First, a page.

This Farmer-Turned-Doctor Shares His Tips of What to Eat for Happiness
April is National Stress Awareness Month, a time dedicated to reflecting on stressful situations, learning new coping mechanisms, and spreading awareness of the modern stress epidemic. Rates of stress were already rising prior to the pandemic and now, they are at an all-time high, according to the American Psychological Association. Studies have shown that what we eat directly impacts how we feel, which is incredibly helpful in alleviating symptoms of stress and cultivating happiness, according to Dr. Drew Ramsey, MD, an organic farmer, the founder of the Brain Food Clinic in New York City, and the author of many books, such as The Happiness Diet and Fifty Shades of Kale.
Dr. Ramsey is a nutritional psychiatrist who regularly counsels individuals on how to incorporate healthy foods and nutritional habits to improve their mental health. He recently released a new book, Eat to Beat Depression and Anxiety: Nourish Your Way to Better Mental Health in Six Weeks – a revolutionary prescription to boost brain health and promote mental wellness with the 12 essential vitamins and minerals most critical to your brain and body. In an exclusive interview with The Beet, Dr. Ramsey talks about how nutritious food is the most powerful medicine, the best diet to feel happier, and how eating locally empowers communities. Let his words inspire you to de-stress and nourish your way to better mental health with the power of healthy plant-based fare.
The Beet: Tell us what motivated you to study brain health and nutrition.
Dr. Drew Ramsey: I love science and nature. In college and medical school, it blew my mind that we understand how the brain communicates and some of how it functions. Psychiatry and brain health seem like one of the last frontiers of medicine. I have always been interested in healthy eating.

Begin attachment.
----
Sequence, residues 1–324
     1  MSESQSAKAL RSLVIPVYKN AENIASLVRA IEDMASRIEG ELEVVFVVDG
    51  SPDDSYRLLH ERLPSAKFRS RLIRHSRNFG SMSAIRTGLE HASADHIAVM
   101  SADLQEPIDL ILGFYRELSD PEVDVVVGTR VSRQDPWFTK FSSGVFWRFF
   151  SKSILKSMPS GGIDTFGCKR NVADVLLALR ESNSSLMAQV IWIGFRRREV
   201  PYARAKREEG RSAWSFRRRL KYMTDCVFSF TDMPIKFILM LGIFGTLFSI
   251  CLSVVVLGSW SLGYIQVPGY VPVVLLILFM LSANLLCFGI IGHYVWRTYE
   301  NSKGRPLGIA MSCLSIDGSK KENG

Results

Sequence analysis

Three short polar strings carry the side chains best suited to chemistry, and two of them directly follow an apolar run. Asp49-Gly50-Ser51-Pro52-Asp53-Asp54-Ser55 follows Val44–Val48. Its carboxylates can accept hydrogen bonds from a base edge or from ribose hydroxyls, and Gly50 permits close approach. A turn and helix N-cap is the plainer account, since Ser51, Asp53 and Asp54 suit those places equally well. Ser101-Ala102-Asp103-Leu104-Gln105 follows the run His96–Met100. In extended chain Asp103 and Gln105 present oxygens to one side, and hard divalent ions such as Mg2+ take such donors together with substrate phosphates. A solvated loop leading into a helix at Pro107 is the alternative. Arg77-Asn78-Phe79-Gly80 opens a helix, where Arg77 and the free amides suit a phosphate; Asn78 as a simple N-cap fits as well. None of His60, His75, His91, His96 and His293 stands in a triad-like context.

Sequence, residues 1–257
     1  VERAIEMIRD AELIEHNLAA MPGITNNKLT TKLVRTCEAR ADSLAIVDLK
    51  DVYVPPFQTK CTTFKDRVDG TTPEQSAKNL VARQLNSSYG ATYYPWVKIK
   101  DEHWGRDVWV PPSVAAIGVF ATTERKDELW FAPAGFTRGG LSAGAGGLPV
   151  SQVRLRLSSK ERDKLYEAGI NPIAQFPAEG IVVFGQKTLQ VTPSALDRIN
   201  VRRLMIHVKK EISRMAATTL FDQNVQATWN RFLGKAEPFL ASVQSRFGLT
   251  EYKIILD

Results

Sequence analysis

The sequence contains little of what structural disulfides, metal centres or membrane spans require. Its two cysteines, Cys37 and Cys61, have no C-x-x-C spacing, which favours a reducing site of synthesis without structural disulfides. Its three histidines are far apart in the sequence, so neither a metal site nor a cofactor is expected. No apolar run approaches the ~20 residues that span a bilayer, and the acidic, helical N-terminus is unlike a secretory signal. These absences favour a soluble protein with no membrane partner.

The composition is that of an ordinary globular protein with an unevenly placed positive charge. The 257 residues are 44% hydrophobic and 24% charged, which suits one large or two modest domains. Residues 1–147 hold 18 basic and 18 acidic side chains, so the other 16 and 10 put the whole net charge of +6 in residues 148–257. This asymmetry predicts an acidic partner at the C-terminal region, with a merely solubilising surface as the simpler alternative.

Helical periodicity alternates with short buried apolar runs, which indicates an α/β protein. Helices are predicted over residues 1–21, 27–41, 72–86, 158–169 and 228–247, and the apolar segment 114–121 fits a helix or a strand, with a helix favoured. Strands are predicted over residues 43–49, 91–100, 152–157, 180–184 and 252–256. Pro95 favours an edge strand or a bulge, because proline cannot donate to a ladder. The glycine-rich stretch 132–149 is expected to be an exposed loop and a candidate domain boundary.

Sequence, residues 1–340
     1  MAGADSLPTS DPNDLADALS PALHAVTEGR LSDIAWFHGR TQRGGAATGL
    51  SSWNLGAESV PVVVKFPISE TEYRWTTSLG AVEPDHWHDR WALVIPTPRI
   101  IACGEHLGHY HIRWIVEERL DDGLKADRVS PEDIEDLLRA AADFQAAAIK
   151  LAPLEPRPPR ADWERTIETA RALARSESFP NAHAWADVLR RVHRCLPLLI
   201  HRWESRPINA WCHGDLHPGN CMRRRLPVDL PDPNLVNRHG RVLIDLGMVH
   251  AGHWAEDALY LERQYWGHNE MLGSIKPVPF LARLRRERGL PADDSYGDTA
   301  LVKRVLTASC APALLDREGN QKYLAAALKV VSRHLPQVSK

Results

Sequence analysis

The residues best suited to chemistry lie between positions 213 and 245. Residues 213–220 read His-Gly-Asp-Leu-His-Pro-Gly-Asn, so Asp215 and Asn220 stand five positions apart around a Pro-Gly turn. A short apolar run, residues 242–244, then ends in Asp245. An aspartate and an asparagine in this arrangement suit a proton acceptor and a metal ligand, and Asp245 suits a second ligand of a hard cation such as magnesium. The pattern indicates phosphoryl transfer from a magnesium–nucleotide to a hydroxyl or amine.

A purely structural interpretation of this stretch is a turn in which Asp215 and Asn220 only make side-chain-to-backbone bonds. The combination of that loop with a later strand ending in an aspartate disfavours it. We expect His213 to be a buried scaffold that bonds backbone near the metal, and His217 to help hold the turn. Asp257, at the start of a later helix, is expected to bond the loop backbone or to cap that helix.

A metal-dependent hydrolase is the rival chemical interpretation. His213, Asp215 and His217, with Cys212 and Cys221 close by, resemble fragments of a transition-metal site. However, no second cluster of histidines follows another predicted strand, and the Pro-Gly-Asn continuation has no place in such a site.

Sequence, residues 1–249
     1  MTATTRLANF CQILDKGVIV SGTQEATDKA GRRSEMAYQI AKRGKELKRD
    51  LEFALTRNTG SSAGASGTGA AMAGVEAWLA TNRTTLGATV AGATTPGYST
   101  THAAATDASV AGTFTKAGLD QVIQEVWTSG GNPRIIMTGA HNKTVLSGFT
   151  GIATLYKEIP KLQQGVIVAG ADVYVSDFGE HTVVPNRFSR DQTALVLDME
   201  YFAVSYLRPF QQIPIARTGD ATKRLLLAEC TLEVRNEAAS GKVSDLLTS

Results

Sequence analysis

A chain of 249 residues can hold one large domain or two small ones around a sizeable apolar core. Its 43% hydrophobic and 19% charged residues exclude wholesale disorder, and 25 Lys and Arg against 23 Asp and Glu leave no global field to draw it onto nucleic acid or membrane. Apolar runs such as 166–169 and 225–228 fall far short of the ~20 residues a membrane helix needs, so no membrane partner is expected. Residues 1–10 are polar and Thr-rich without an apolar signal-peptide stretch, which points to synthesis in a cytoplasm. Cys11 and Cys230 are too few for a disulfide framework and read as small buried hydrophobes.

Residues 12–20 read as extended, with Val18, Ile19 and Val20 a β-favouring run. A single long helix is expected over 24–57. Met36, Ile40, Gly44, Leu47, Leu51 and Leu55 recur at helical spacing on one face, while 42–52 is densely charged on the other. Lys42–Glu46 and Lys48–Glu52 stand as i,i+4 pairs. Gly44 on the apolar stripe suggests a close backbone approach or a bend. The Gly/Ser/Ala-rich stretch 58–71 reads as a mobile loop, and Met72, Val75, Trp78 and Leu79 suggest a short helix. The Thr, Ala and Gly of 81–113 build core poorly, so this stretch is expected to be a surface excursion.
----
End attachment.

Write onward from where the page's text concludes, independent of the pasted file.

My parents were into organic food and growing some of their own food in the 1970s on our farm in Indiana. It just really struck me that eating choices should center around brain health and no one in psychiatry was talking about food. I knew that needed to change.
TB: Congratulations on your new book, Eat To Beat Depression And Anxiety. What inspired you to write it?
Dr. Ramsey: I’m a psychiatrist and as a physician treating depression and anxiety, I see the breakthroughs and limitations of our current model of mental health. Food is missing. Prevention is missing. Patient empowerment is missing.
Oftentimes, the science of nutritional psychiatry is misrepresented or the arguments for better brain nutrition are framed more around medications than about personal outcome. Based on my clinical experience and brain health evidence, I believe people feel better when they eat nutrient-dense foods and cut out some of the elements of a Western diet that seem to be accelerating our mental health epidemic.
TB: You're giving a prescription for food –– how can healthy food heal and nourish our brain and body?
Dr. Ramsey: Food is medicine. It is our most powerful medicine. Yet, it is not our only medicine. Food is medicine was simply not being applied in the mental health setting. We’ve been working for a decade to change that. Plans help us because they provide a framework. We can all get overwhelmed with the amount of noise in the food debates.
I ask people to really step back and re-examine their personal food values and then the plan walks everyone through five food categories key for mental health and a final week asking people to better connect with their food roots and community.
TB: Tell us about the field of nutritional psychiatry. How is this field aiming to redefine lifestyle medicine by harnessing the power of nutritious food?